Pierre Haas (Max Planck Institutes for the Physics of Complex Systems and of Molecular Cell Biology and Genetics, Center for Systems Biology Dresden)
The formation of complex tissues during development relies on robust spatiotemporal coordination of mechanical forces between different tissues or in complex geometries. In this talk, I will present two examples of this interplay of tissues and forces.
I will first show how inter-tissue forces underpin the first folding event in the developing zebrafish forebrain . I will develop a minimal fluid mechanical model of tissue flows during zebrafish gastrulation to identify the minimal set of spatiotemporally varying force singularities required and sufficient to reproduce the observed tissue flows qualitatively and quantitatively, respectively. I will then discuss how we have tested these predictions in vitro, highlighting how our combined experimental and theoretical results show how the coordination of different mechanical processes in different tissues is required for correct folding of the zebrafish forebrain.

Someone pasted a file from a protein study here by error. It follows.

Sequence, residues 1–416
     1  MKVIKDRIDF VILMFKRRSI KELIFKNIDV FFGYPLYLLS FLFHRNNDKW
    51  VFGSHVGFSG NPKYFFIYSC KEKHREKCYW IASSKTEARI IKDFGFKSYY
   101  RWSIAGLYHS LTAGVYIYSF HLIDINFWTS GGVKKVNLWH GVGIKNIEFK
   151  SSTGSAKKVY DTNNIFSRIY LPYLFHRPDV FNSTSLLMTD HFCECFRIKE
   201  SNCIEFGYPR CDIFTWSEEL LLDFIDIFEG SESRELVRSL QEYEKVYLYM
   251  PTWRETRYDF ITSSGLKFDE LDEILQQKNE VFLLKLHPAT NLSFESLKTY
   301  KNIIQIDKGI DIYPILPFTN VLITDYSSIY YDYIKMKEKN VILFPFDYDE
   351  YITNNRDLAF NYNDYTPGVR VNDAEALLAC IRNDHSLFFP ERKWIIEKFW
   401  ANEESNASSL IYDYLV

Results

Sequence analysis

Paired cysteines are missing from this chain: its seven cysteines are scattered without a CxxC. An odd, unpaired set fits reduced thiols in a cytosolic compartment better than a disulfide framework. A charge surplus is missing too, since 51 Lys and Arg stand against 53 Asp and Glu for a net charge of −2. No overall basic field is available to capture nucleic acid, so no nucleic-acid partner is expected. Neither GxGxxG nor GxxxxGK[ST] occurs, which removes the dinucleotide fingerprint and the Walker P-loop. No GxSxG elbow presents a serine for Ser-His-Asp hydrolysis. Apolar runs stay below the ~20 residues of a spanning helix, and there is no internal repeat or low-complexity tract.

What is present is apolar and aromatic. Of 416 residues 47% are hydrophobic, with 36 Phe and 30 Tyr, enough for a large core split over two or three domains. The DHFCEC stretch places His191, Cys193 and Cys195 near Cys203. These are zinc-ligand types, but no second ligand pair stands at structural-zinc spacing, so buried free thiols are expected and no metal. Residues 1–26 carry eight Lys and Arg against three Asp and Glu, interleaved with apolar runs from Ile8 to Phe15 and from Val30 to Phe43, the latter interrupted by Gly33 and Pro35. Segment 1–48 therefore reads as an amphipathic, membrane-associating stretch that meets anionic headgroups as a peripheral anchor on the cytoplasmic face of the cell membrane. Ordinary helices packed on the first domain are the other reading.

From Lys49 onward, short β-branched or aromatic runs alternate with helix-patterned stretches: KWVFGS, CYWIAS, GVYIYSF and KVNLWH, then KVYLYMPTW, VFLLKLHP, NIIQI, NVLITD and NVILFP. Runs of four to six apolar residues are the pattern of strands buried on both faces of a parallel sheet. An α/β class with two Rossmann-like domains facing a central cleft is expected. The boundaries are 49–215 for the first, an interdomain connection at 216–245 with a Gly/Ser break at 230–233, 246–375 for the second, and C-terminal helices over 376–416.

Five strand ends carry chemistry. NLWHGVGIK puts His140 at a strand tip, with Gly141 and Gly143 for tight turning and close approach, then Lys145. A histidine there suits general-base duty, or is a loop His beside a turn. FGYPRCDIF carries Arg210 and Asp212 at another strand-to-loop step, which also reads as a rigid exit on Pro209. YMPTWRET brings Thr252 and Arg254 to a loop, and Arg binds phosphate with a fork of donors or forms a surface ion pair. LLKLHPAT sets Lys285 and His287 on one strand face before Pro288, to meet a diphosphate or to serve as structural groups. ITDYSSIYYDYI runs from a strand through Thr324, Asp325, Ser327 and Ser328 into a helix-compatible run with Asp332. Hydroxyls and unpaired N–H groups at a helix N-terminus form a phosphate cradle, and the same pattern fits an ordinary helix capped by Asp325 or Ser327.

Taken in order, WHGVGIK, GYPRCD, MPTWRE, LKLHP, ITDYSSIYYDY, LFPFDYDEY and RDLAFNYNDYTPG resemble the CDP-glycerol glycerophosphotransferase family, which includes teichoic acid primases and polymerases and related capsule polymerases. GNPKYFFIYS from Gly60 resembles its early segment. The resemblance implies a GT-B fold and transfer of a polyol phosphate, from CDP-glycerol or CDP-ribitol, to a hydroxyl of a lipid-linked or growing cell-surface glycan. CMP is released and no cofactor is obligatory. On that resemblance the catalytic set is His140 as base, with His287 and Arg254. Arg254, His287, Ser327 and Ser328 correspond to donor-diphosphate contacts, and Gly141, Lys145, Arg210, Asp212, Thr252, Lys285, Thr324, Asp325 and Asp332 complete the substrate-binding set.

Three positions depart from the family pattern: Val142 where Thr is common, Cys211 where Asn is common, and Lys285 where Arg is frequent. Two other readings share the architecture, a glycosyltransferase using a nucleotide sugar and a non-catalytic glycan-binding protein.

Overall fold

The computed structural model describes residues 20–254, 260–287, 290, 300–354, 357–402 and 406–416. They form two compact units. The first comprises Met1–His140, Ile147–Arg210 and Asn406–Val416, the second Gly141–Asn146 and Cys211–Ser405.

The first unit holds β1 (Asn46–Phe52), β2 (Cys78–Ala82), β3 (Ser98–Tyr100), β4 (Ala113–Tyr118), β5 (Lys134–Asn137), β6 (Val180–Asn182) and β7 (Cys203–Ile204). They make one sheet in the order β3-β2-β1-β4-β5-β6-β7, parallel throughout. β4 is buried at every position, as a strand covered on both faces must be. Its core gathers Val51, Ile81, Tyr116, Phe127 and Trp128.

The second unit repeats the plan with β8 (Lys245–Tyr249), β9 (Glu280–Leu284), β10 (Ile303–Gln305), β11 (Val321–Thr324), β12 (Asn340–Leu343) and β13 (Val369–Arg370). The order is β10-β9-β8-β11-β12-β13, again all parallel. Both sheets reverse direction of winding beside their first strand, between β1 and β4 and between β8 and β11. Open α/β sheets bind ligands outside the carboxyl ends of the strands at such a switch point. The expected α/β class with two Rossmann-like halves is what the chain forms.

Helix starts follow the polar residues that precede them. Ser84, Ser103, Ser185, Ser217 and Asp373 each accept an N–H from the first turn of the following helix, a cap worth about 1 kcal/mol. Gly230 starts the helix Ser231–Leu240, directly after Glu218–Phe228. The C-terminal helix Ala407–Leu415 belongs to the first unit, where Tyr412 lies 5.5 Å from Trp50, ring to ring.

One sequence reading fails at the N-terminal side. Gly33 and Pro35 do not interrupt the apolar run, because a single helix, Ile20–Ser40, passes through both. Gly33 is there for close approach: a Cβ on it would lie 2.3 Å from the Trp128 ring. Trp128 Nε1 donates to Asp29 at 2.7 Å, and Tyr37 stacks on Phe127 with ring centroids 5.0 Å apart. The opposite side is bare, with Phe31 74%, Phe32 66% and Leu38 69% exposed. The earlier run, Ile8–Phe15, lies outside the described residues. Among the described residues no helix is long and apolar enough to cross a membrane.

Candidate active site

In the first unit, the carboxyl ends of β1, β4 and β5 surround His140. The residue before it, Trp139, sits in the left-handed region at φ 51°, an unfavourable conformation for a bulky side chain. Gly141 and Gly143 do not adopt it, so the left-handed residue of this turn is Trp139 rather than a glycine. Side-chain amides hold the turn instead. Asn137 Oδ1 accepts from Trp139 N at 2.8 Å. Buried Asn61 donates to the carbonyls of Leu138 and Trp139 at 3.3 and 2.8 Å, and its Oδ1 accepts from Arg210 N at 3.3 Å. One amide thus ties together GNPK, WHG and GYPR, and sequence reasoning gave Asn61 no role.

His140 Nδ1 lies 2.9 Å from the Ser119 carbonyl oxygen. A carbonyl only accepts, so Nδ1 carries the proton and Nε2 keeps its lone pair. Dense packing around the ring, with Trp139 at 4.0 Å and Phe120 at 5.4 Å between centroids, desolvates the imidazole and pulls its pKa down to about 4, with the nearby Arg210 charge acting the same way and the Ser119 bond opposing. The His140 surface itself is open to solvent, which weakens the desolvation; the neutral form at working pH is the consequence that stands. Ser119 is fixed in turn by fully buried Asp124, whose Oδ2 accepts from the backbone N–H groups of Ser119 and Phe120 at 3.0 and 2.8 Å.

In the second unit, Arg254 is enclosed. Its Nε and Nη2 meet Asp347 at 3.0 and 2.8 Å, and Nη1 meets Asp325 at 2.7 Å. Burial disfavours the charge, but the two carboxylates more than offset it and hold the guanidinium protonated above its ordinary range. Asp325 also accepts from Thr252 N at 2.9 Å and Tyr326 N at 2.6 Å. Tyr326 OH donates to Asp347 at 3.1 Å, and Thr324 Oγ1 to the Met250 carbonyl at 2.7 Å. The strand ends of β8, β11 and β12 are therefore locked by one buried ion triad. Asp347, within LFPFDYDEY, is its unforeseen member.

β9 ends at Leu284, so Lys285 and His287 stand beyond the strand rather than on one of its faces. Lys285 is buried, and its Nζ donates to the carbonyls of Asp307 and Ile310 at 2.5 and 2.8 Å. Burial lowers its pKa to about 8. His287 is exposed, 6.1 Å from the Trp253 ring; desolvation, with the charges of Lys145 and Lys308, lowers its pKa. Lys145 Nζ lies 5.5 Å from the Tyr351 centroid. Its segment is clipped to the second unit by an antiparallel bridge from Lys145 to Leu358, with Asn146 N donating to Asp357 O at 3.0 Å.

I will then reveal the mechanics of out-of-plane forces in the curved tissue geometry of the so-called inversion process during which a programme of cell shape changes turns the embryos of the green alga Volvox inside out . I will develop an elastic model to quantify the intrinsic, preferred curvature of the tissue from its out-of-plane recoil observed in laser ablation experiments. Surprisingly, our model shows how even small intrinsic curvature changes and hence cell shape changes contribute mechanically to the shape of the folding tissue.
 A. Inman, J. E. Lutton, E. Spiritosanto, M. Tada, T. Bretschneider, P. A. Haas, and M. Smutny, biorxiv:2023.06.21.545965v1 (2023)
 P. A. Haas and S. M. H. Höhn, preprint (2023)